June 27, 2014
Volume 57, Issue 26

WHA Physician Leadership Council Holds First Meeting, Sets Future Direction

Health care in Wisconsin is delivered in one of the most highly-integrated models in the country. Over the past decade, the growth in physician integration has created an impetus for WHA to look beyond the traditional "walls" of the hospitals to evolve its focus beyond the hospital to that of the broader spectrum that encompasses its members’ presence as regional and local community health systems.

"Successful advocacy in an integrated care environment necessitates an integrated advocacy approach," according to WHA Executive Vice President Eric Borgerding, in remarks kicking off the inaugural meeting of WHA’s Physician Leadership Council.

The formation of a Physician Leadership Council (PLC) is a natural response to the growing need to tap into the significant resources and perspectives that WHA member physician leaders bring to Wisconsin’s health and hospital systems. More than 20 physician leaders participated in the first Council meeting held June 25 at WHA headquarters in Madison, and they helped set direction for the important public policy role that WHA member physician leaders have in WHA’s advocacy agenda.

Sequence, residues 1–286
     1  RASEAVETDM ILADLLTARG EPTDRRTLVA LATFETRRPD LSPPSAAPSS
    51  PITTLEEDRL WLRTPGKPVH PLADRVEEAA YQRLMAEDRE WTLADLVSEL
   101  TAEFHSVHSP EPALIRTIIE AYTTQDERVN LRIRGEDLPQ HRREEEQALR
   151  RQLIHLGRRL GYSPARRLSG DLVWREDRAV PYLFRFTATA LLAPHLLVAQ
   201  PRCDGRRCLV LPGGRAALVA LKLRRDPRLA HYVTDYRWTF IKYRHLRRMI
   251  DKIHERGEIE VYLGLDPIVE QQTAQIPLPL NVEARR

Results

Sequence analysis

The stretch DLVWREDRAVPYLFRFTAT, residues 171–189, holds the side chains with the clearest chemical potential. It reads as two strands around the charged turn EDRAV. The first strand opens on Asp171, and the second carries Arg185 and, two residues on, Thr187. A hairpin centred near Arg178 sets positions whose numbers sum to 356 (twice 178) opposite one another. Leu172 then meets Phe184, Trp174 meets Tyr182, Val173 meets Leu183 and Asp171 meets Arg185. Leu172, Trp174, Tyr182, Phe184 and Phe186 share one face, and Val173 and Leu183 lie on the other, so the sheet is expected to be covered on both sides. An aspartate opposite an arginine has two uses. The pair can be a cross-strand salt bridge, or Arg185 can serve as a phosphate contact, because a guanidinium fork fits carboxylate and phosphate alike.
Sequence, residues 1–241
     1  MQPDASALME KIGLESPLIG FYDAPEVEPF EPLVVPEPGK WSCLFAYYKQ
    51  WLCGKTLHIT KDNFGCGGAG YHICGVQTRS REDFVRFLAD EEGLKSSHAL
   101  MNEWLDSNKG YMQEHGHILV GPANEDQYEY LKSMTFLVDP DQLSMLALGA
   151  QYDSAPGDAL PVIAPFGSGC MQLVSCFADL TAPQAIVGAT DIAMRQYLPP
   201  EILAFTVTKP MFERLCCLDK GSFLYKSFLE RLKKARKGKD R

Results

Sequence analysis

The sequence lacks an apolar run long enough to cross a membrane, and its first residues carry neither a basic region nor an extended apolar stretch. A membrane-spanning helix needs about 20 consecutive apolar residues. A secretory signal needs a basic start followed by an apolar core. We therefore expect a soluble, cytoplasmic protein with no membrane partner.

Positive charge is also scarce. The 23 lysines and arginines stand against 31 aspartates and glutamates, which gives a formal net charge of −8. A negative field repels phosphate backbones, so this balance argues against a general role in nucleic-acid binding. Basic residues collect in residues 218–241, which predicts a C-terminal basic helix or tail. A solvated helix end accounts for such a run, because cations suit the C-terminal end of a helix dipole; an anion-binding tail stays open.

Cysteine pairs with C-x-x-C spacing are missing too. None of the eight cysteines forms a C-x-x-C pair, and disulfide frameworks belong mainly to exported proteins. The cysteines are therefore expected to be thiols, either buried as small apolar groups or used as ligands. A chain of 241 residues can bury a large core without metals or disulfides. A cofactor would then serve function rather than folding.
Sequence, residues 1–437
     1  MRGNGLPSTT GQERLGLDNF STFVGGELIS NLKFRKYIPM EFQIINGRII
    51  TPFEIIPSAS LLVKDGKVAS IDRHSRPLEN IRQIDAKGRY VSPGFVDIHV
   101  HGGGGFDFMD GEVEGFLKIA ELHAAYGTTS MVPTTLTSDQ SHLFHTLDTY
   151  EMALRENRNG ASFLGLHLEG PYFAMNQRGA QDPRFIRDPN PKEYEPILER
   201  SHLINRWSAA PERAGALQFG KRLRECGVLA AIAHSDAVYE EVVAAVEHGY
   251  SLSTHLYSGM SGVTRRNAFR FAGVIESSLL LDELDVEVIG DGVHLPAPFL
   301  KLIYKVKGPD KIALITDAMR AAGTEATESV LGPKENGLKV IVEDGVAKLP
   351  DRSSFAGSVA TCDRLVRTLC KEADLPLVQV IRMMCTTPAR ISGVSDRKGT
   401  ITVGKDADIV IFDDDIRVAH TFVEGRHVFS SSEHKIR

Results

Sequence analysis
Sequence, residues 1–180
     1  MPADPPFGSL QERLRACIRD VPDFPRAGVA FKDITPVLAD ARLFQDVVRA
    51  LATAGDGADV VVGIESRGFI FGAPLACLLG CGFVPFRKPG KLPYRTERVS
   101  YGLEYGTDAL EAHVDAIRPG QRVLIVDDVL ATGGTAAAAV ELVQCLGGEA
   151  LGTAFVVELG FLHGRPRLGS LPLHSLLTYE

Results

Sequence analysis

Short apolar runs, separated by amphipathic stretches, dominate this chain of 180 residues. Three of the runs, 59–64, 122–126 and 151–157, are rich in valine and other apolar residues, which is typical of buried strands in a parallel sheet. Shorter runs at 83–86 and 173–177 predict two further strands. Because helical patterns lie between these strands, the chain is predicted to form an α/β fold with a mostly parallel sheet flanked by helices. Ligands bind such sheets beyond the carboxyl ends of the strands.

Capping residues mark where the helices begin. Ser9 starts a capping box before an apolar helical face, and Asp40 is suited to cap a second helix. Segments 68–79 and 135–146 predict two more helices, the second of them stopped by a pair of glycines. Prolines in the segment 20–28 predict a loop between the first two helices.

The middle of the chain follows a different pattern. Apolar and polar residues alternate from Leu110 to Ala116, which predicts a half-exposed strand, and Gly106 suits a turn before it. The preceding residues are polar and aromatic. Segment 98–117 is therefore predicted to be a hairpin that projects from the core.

"The creation of the WHA PLC recognizes the progression of our health care delivery system to a model where hospital and health system-employed or affiliated physicians and clinics are increasingly aligned and integrated with hospitals and other health care organizations," Borgerding said. "Given this evolution and the crucial role physician leaders play within our member organizations, it is only natural that these same leaders have a greater presence at the WHA table."